In this era of bland 12-certificate so-called horror movies, there are some refreshingly horrific scenes. The in-utero baby and the skeleton, for instance… But it’s still only a 15 – what do you have to do these days to get an X-certificate?
JT: Well, to be honest, I wouldn’t want it to get an 18 as that would limit its commercial potential.
So, Tony, how was that last week of the shoot? Gruelling?
GM: I’ve worn extreme make-up for a few stage jobs before but this was the first time I’d done it on film. I had to be on set for 4am for a week – different layers of the prosthethic s had to be put on. The worst thing was the contact lenses – constantly having to drop water into my eyes. But, really, I loved it. What actor wouldn’t? And being the monster was a real key change after four weeks of playing grumpy dad.
JK: The last film I did had 25 effects shots and this has more than a hundred – and most of them practical effects. I loved the fact that, in the script, you really don’t know where the story is going to go. So many scripts you get to read are samey and wouldn’t be a challenge to do as a director – this was the opposite.
JT: But it’s the characters first – they’re real and three-dimensional. That way the situation, the horror, has more emotional impact. Mike Leigh meets David Cronenberg somebody said…
GW: I’m very, very happy with that description.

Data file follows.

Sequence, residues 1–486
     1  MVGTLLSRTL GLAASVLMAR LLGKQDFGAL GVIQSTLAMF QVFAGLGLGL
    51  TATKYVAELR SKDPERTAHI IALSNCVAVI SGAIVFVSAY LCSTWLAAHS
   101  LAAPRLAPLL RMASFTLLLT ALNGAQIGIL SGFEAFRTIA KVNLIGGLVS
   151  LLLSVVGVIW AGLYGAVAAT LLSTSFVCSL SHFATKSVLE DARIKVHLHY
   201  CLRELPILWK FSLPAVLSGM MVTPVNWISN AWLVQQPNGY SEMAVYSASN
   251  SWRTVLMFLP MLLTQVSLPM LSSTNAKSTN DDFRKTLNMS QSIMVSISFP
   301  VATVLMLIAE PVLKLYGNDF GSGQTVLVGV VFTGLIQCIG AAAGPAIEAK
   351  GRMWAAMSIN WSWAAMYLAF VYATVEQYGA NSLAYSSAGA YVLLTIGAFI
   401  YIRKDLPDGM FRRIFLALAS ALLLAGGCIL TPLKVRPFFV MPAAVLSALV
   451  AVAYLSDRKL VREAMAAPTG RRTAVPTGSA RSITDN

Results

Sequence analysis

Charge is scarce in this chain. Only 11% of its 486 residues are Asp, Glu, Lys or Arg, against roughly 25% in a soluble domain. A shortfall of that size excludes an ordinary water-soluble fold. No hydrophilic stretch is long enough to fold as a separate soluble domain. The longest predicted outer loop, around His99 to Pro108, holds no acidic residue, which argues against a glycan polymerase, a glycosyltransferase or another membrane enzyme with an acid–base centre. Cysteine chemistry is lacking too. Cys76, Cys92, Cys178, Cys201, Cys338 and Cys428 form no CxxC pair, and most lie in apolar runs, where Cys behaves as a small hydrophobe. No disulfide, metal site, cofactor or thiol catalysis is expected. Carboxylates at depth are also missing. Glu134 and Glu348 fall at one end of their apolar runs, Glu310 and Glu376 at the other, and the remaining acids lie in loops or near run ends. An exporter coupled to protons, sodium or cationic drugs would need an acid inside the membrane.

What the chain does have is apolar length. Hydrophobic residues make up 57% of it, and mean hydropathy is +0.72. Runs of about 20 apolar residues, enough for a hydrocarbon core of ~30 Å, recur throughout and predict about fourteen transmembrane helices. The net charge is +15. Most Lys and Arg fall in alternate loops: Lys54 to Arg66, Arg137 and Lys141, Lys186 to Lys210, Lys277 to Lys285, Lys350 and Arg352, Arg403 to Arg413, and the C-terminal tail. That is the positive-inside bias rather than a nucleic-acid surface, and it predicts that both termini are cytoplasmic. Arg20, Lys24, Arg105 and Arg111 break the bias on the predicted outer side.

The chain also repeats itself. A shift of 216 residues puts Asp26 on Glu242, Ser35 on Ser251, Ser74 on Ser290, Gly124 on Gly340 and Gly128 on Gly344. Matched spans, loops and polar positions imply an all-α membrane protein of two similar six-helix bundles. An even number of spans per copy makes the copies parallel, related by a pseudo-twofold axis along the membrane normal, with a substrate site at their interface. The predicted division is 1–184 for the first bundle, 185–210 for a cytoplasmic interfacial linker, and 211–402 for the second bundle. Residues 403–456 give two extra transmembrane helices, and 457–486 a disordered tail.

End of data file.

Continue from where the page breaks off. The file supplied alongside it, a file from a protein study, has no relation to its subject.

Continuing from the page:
This interview appeared at here


A pleasure cruiser chugs up the Thames in the mellow sunlight of a beautiful summer evening. On board, a handful of journalists sip champagne on deck, watching London slide past – the Eye, the Town Hall, swanky apartment blocks and, up ahead, that little slice of Downtown Manhattan, Canary Wharf.

“I love it,” enthuses John Mackenzie, a film director who looks like a weather-beaten version of Jeremy Beadle. “I think it’s fantastic. I love high-rise buildings. I want them to spread up the river some more.”

Having been in the business since the late sixties, Mackenzie’s best known for classic Brit gangster movie The Long Good Friday, the Special Edition DVD release of which has prompted today’s jaunt.

Back in 1980, according to Environment Secretary Michael Heseltine, Docklands represented “more acutely and extensively than any area in England the physical decline of the urban city and the need for urban regeneration”.

In a word, it was a shit-hole. Mackenzie knows better than most how radically Docklands has changed. Not only was the site utilised for its grimy locations, but it was integral to the plot. The film’s antihero, Harold Shand (Bob Hoskins), is a gangster desperate to turn legit who sees the undeveloped wasteground as the key to his salvation. Twenty-five years on, it adds an air of prophecy to an already outstanding film.